Quantcast
Environmental News for a Healthier Planet and Life

Help Support EcoWatch

Incredible Collaboration Empowers Villagers to Go Solar, Save Wildlife

Renewable Energy
www.facebook.com

By Moria Hanes

This fall, rangers protecting rhinos, tigers and other endangered wildlife in Nepal's famous Chitwan National Park will get a solar system that powers one of their isolated stations deep in the jungle. At the same time, local women will get the training and tools they need to sell low-cost clean energy technologies to people living in the buffer zone that surrounds the park.


This project is part of a continued collaboration by Empowered by Light, which empowers communities throughout the world using renewable energy technologies, and Empower Generation, which empowers women to become clean-energy entrepreneurs.

This collaborative work is detailed in a fascinating 20-minute video, Bufferzone, that explores the unique challenges of living in a place where the wild animals that make the region unique—from tigers to sloth bears to elephants—can attract tourists, and can also attack villages and people.

Inside the park, rangers working to prevent poaching rely on solar energy to power communication with each other, their families, and park authorities. Solar also powers spotlights that help keep them safer at night.

To help rural communities thrive without draining the park's natural resources, this fall's effort will train 10 local women, whose economic opportunities have traditionally been limited, to sell a range of clean energy technologies such as solar home systems and improved cookstoves.

This project continues past efforts in the region by Empowered by Light and Empower Generation, which include installing solar power at another ranger station as well as two tourist towers, where visitors stay in the park overnight, generating income for conservation projects and for efforts to reduce human/wildlife conflict.

A meteorologist monitors weather in NOAA's Center for Weather and Climate Prediction on July 2, 2013 in Riverdale, Maryland. Mark Wilson / Getty Images

The Trump White House is now set to appoint two climate deniers to the National Oceanic and Atmospheric Administration (NOAA) in one month.

Read More Show Less

EcoWatch Daily Newsletter

A plastic bag caught in a tree in New Jersey's Palisades Park. James Leynse / Stone / Getty Images

New Jersey is one step closer to passing what environmental advocates say is the strongest anti-plastic legislation in the nation.

Read More Show Less

Trending

Did you know that nearly 30% of adults do, or will, suffer from a sleep condition at some point in their life? Anyone who has experienced disruptions in their sleep is familiar with the havoc that it can wreak on your body and mind. Lack of sleep, for one, can lead to anxiety and lethargy in the short-term. In the long-term, sleep deprivation can lead to obesity, diabetes, and cardiovascular disease.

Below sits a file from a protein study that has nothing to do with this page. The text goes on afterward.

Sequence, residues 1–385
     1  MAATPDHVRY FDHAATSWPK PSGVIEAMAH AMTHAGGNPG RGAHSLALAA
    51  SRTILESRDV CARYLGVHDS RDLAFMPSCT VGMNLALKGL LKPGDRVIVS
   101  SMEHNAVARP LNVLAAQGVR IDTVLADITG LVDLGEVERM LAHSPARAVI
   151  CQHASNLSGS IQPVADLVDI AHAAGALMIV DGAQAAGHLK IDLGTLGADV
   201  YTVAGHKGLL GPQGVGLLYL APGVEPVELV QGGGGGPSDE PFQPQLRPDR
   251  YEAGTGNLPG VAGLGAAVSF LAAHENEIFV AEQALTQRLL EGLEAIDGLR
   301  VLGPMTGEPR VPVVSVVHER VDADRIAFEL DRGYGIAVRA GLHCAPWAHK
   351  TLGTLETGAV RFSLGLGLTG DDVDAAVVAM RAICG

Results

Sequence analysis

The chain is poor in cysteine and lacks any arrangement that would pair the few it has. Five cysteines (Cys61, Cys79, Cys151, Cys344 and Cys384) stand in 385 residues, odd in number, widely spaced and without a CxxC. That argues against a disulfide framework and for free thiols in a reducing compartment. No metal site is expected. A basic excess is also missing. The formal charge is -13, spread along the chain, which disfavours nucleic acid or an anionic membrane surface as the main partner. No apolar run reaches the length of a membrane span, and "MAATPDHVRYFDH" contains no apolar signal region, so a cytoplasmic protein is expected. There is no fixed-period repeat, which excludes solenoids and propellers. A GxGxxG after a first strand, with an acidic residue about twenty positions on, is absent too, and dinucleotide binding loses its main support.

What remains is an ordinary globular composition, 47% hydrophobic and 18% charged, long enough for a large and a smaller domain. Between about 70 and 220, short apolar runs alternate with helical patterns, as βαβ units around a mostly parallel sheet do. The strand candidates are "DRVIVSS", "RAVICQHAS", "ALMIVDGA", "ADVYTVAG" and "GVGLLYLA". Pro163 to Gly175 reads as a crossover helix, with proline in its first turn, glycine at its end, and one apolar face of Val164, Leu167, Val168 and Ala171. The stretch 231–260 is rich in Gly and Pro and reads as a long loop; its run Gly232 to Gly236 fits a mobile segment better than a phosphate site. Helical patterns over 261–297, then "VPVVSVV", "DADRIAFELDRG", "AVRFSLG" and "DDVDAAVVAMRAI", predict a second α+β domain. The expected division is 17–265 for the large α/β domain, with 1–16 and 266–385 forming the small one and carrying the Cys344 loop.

Fortunately, there are proven natural supplements that can reduce insomnia and improve quality sleep for the better. CBD oil, in particular, has been scientifically proven to promote relaxing and fulfilling sleep. Best of all, CBD is non-addictive, widely available, and affordable for just about everyone to enjoy. For these very reasons, we have put together a comprehensive guide on the best CBD oil for sleep. Our goal is to provide objective, transparent information about CBD products so you are an informed buyer.

Read More Show Less
Speaker of the House Nancy Pelosi (D-CA) talks to reporters during her weekly news conference at the U.S. Capitol Visitors Center on Sept. 18, 2020 in Washington, DC. Chip Somodevilla / Getty Images

The House of Representatives passed a sweeping bill to boost clean energy while phasing out the use of coolants in air conditioners and refrigerators that are known pollutants and contribute to the climate crisis, as the AP reported.

Read More Show Less
Gov. Jay Inslee of Washington comforts Marsha Maus, 75, whose home was destroyed during California's deadly 2018 wildfires, on March 11, 2019 in Agoura Hills, California. Mel Melcon / Los Angeles Times / Getty Images

By Governor Jay Inslee

Climate Week this year coincides with clear skies in Washington state for the first time in almost two weeks.

In just a few days in early September, Washington state saw enough acres burned – more than 600,000 – to reach our second-worst fire season on record. Our worst fire season came only five years ago. Wildfires aren't new to the west, but their scope and danger today is unlike anything firefighters have seen. People up and down the West Coast – young and old, in rural areas and in cities – were choking on smoke for days on end, trapped in their homes.

Fires like these are becoming the norm, not the exception.

Read More Show Less

Support Ecowatch